Hong Kong is taking on formula companies’ far-fetched “toddler milk” claims

Shelves are stocked.
Shelves are stocked.
Image: Reuters/Bobby Yip
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Hong Kong’s health ministry is cracking down on the formula industry’s claims that their products make babies and toddlers healthier, stronger, and smarter, making it the latest authority to challenge the fast-growing business. Hong Kong plans to regulate all of these products marketed to children up the age of three, the government indicated last week, and is asking for public input.

Enriched with additives like DHA (a fat that occurs naturally in breast milk) and company creations like Intelli-Pro™, these powdered milk-based products pitched at children from birth to primary school age don’t come under guidelines for food regulations in Hong Kong, but they also aren’t regulated like drugs or vitamins. The latest Hong Kong government proposal (pdf) would forbid formula makers from making any nutritional claims whatsoever for products for babies under six months, and severely restrict claims on other products.

As Quartz wrote earlier, while campaigns by the World Health Organization and other breast-feeding advocates have dampened sales of formula to infants, the “toddler milk” industry is booming in Asia, and especially China and Hong Kong, thanks in part to over-the-top advertising campaigns that claim the products will do everything from give kids a competitive edge in school to make them musical prodigies. Products designed for kids in pre-school and beyond are sometimes dubbed ”growing-up milks.” From almost nothing five years ago, the toddler and growing-up milk industry now accounts for about one-third of the infant and baby food market’s $50 billion in annual sales, experts told Quartz last year.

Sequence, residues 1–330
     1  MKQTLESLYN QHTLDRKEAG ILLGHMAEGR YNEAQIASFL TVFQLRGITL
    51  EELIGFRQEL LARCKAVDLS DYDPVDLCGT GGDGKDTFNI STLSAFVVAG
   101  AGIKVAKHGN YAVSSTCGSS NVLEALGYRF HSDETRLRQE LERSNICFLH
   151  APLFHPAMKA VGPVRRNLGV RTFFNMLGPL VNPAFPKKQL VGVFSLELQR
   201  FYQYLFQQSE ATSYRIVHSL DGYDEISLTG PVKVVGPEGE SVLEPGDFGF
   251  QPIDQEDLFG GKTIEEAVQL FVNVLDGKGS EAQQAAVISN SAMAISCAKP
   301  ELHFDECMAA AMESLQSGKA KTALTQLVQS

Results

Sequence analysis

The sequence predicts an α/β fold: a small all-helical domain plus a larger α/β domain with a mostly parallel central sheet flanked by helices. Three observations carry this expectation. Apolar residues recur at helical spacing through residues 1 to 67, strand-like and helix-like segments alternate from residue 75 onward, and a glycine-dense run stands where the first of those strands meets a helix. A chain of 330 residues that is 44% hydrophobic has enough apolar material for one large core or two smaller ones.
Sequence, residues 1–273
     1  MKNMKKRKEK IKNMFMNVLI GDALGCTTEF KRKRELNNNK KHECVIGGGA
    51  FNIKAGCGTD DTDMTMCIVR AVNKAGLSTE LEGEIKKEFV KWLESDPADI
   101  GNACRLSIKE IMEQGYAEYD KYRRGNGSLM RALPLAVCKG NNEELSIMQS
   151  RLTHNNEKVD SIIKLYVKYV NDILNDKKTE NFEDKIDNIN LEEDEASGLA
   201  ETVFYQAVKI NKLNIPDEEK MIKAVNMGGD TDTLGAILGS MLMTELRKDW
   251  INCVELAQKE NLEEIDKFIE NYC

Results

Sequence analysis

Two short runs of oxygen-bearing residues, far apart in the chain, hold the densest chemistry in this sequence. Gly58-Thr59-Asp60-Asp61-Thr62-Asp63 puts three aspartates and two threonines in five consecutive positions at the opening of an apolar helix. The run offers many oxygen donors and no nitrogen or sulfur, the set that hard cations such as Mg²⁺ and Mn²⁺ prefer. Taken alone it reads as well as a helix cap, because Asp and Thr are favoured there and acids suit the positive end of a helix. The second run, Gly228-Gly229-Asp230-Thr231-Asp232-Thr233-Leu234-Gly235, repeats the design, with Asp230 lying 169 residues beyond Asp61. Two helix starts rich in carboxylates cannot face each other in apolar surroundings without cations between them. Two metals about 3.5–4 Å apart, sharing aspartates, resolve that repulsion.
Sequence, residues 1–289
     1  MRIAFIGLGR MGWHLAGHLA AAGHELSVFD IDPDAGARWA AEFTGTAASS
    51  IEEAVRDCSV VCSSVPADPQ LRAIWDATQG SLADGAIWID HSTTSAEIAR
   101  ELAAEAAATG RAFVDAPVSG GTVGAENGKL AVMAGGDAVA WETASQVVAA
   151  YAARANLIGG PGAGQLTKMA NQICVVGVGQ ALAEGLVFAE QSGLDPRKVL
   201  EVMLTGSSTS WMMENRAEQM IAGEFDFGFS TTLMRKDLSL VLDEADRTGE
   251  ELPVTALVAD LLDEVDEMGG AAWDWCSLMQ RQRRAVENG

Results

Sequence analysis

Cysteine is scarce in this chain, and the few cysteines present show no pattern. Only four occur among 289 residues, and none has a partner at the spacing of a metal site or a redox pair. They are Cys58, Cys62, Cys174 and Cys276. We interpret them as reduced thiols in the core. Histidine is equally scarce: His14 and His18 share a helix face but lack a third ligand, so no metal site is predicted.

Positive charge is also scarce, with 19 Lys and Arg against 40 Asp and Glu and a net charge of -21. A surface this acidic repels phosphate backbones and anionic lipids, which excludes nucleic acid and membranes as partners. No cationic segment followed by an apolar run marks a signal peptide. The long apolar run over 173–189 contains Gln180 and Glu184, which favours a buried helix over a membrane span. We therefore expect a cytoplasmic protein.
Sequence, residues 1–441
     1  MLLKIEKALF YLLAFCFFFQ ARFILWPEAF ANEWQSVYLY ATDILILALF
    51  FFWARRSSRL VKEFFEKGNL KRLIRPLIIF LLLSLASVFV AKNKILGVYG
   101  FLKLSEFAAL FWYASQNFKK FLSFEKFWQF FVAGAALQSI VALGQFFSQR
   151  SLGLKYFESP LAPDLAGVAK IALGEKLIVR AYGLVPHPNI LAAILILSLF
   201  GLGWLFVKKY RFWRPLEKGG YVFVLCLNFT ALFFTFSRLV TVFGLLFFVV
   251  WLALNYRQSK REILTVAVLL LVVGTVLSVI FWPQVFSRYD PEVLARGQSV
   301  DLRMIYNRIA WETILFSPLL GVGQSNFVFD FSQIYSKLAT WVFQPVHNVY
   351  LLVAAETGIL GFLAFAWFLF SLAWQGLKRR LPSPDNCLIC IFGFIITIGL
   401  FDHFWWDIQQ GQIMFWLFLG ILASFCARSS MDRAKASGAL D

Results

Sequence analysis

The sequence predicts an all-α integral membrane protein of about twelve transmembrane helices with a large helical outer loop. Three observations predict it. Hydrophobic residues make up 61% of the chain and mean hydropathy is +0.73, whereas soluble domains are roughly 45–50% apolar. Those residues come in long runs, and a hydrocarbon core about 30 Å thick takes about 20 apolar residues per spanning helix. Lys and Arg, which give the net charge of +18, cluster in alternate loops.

Toddler milk advertising in Hong Kong.
Toddler milk advertising in Hong Kong.
Image: Ivy Chen

Healthcare experts say the benefits of many additives in the formulated drinks are untested, and that children full on the the sugary, high-protein drinks don’t eat enough regular food to give them the nutrition they need. The European Union’s food safety agency said in late 2013 that these products add “no additional value to a balanced diet.”

Formula companies argue that they’re supplying supplemental nutritional, especially for picky eaters who may not get enough from the food they eat.

Hong Kong’s health ministry has been debating oversight of these products for years, while formula companies have been lobbying against the idea. The latest proposal shows that there “definitely will be some regulation,” Marie Tarrant, an associate professor with the University of Hong Kong and an infant feeding expert. But “it could be quite toothless,” she warned, depending on the outcome of the current discussions. “If they allow the formula companies any leeway in making health and nutrition claims, they will find a way to continue the deceptive advertising practices.”

The Hong Kong government does “not want parents and caregivers to choose these food products for their children based on dubious nutrition or health claims, which may in turn adversely affect the health of infants and young children,” said Hong Kong’s undersecretary for food and health, Sophia Chan, at a press conference earlier this week.

The government is asking for any nutrition and health claims to be “scientifically substantiated,” and have “undergone a credible evaluation process.” It is also inviting public comments on the advertising and labeling of these products, and plans to issue final guidelines on the claims companies can make in Hong Kong.